Leo Tolstoy’s “Anna Karenina” is a tale of love, lust, and societal constraints.
Joe Wright’s “Anna Karenina” is also very much about style, as the director takes the classic tale and uses it as a launching pad for a demonstration of filmmaking showmanship. It’s a choice that’s bound to draw mixed reactions, but I for one found it intriguing, and as a result, the movie wound up holding my attention far better than any staid, traditional period piece adaptation would have.
Alexandre Dumas first published “Les Trois Mousquetaires” in 1844. It tells the tale of a young man who travels to Paris in order to join the Musketeers of the Guard, a light cavalry unit charged with protecting the King of France. The tale has become a classic, still widely available in print today, and has seen iterations in nearly every form of media there is; there have been tv shows, radio programs, video games and of course numerous films.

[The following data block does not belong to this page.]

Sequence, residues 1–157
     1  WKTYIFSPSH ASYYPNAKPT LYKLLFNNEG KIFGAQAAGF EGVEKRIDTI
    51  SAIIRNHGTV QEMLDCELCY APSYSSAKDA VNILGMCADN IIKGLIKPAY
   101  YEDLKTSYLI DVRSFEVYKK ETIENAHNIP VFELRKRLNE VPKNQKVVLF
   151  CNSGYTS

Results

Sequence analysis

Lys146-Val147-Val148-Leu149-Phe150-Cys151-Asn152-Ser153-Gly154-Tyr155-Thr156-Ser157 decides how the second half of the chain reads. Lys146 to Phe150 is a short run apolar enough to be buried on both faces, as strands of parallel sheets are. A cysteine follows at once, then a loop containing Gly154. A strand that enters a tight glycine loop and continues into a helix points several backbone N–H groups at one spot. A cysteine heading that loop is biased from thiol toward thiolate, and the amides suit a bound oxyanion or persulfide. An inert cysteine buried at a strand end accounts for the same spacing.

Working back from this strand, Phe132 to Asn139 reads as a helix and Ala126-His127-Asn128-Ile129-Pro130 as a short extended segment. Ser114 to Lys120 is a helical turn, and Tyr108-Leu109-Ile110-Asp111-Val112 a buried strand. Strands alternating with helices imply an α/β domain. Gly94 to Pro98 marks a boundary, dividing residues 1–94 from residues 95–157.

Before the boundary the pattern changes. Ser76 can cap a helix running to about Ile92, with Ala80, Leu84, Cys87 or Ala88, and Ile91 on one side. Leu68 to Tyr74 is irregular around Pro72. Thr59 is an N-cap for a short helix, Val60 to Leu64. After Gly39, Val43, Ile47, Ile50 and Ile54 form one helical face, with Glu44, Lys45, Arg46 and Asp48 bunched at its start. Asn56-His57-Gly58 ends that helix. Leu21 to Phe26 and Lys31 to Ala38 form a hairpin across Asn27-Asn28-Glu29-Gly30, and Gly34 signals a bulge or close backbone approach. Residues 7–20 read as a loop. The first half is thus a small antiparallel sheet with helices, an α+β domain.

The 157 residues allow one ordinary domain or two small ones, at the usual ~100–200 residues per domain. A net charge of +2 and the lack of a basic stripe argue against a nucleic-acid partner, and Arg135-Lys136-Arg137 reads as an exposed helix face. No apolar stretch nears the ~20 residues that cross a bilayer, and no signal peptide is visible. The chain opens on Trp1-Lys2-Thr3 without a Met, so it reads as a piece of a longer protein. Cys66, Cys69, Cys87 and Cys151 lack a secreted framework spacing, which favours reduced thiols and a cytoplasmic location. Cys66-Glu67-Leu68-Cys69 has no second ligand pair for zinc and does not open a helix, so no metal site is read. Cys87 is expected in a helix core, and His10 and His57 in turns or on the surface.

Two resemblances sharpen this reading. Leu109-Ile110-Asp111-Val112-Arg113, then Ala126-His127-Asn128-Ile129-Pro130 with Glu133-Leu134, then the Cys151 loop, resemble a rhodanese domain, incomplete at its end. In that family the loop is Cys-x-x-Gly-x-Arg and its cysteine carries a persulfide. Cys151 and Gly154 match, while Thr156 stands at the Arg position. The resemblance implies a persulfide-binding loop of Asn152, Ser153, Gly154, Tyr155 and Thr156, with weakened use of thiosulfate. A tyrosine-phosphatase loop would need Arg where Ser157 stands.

I have to imagine though, if Dumas saw this particular iteration, by Paul W.S. Anderson of “Resident Evil” fame, his thought would be “What the $&#% is this?“